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I’m always on the lookout for short online articles in Irish to recommend to students at an intermediate-ish level. Here I’ll pass on a link to a fun article by Bridget Bhreathnach about baking Christmas cookies (nasc thíos) and provide a little vocabulary help for the learner.
Ní alt “conas” (a dhéanamh ) é agus níl oideas (recipe) ann. It’s more a witty commentary on the experience of baking with children and also the ideal suitability of Legos as receptors for sticky bits of dough, especially if you make it “rófhliuch” by using “síoróip” instead of “siúcra.” I’m sure that readers who really want an oideas for brioscaí can find plenty of them online (1,290,000 hits for “Christmas cookie recipes” on Google)
The vocabulary will be useful even to complete beginners, at least if you’re interested in words and phrases like the following: Christmas, the smell of spices, cookie (biscuit in Irish/UK English), flour, egg, and Lego. Úúps, bhuel, “Lego” is mentioned in the article, as I noted above, but the word is the same in Irish as in English, ní nach ionadh. In fact, it’s my guess that it’s the same internationally (eolas agatsa?) although, come to think of it, I wonder how it’s handled in languages that aren’t written in the Roman alphabet, carachtair Shíneacha, mar shampla, nó siollaigh Ionúitise. But that’s starting to look like a digression, so … back to our “príomhábhar.” Beagáinín eile faoi chúlra Legos sa nóta “PS” thíos.
So we’ll go over some of the vocabulary, and then wrap up with a glance back at the seanfhocal that is used in the introduction to the article. That will extend our food vocabulary to include curds and whey, not quite on the beaten linguistic path of typical food vocabulary (like uibheacha friochta and gloine bainne) but fun and traidisiúnta as well. An bhfuil a fhios agat cén seanfhocal atá i gceist? Muna bhfuil, léigh leat!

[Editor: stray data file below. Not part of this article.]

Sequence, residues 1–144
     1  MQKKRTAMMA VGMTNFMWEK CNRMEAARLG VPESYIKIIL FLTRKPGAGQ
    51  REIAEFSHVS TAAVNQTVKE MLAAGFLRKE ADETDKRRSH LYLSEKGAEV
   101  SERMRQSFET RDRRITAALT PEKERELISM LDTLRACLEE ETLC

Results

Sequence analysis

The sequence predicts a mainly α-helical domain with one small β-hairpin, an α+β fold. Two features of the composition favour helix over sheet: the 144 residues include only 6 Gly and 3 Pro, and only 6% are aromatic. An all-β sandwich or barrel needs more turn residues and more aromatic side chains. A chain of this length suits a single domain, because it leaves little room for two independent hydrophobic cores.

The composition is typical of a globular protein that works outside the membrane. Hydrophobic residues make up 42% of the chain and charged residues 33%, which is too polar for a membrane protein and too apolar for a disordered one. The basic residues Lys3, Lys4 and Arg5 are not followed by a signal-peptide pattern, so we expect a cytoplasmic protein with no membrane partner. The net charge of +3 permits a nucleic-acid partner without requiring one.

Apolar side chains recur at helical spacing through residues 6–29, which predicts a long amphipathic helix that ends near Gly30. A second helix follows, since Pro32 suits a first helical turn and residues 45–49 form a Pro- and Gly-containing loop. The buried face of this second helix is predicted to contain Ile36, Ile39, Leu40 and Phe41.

But first, an bunstór focal:
Christmas: As you all may remember from the recent blog in this series (nasc thíos), the basic word (frása, i ndáiríre) is “An Nollaig” (The Christmas). The ending of the word changes according to the way the word is used in the sentence. When used to describe something, like Christmas cookies or lights, we drop the “i” so the word really means “of Christmas.” We see this word in two phrases in Bridget’s article: soilse na Nollag (the Christmas lights) and brioscaí Nollag (Christmas cookies). There’s a slight difference in pronunciation, with Nollaig more like “NUL-ik” and “Nollag” more like “NUL-uk.”
the smell of spices: an boladh spíosraí [un BOL-uh SPEESS-ree]. The “-dh” of “boladh” (smell) is silent.
cookie / biscuit: briosca, plural: brioscaí. Don’t forget the slender “r” pronunciation. It’s not just “br” as in the English word “brisk” or “brisket,” but it’s like the “br” of the Irish word “breá” (fine) as in “Tá sé go breá inniu” (It’s fine today).
flour: plúr, and as Bridget comments astutely, “Cé go bhfuil Persil non-bio cosúil le plúr, ní plúr atá ann.” Hmmm, was she looking for some sort of lionach púdrach (powdery filler) to compensate for “taos rófhliuch“? Tá súil agam nach raibh!
egg; the basic word is “ubh” (say “uv”), and in the text, we also see “leathubh” ([lya-huv]; why a “half-egg” — léigh an t-alt le fáil amach céard atá i gceist ag Bridget). She also used the plural with the definite article which means there is a prefixed “h,” giving us “na huibheachaí” ([nuh HIV-ukh-ee]; other speakers might just say “na huibheacha“).
baker: the standard spelling is “báicéir,” but Bridget uses the variation I’ve heard in Conamara Irish: báicéara.
And to wrap up (no páipéar fillte pun intended), here’s the seanfhocal that introduces thearticle: